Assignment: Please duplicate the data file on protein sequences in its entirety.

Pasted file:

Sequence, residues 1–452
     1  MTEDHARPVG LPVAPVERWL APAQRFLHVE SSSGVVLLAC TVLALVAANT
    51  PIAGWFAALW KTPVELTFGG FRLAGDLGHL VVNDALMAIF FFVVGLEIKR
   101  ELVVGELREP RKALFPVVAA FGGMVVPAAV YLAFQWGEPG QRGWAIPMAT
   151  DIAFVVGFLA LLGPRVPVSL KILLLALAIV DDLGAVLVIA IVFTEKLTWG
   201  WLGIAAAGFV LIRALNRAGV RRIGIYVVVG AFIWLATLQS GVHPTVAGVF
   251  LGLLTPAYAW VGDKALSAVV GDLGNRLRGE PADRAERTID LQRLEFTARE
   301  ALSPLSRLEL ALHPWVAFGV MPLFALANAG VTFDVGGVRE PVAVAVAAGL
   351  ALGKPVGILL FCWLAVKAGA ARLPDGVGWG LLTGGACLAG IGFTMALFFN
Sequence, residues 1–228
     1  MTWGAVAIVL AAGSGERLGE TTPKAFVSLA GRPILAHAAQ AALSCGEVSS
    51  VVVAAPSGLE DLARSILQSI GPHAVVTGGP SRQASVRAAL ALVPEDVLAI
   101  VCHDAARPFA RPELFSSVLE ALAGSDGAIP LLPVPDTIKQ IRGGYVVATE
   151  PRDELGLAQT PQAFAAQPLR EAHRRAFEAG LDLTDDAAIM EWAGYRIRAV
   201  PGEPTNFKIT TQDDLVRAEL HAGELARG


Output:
Sequence, residues 1–452
     1  MTEDHARPVG LPVAPVERWL APAQRFLHVE SSSGVVLLAC TVLALVAANT
    51  PIAGWFAALW KTPVELTFGG FRLAGDLGHL VVNDALMAIF FFVVGLEIKR
   101  ELVVGELREP RKALFPVVAA FGGMVVPAAV YLAFQWGEPG QRGWAIPMAT
   151  DIAFVVGFLA LLGPRVPVSL KILLLALAIV DDLGAVLVIA IVFTEKLTWG
   201  WLGIAAAGFV LIRALNRAGV RRIGIYVVVG AFIWLATLQS GVHPTVAGVF
   251  LGLLTPAYAW VGDKALSAVV GDLGNRLRGE PADRAERTID LQRLEFTARE
   301  ALSPLSRLEL ALHPWVAFGV MPLFALANAG VTFDVGGVRE PVAVAVAAGL
   351  ALGKPVGILL FCWLAVKAGA ARLPDGVGWG LLTGGACLAG IGFTMALFFN
Sequence, residues 1–228
     1  MTWGAVAIVL AAGSGERLGE TTPKAFVSLA GRPILAHAAQ AALSCGEVSS
    51  VVVAAPSGLE DLARSILQSI GPHAVVTGGP SRQASVRAAL ALVPEDVLAI
   101  VCHDAARPFA RPELFSSVLE ALAGSDGAIP LLPVPDTIKQ IRGGYVVATE
   151  PRDELGLAQT PQAFAAQPLR EAHRRAFEAG LDLTDDAAIM EWAGYRIRAV
   201  PGEPTNFKIT TQDDLVRAEL HAGELARG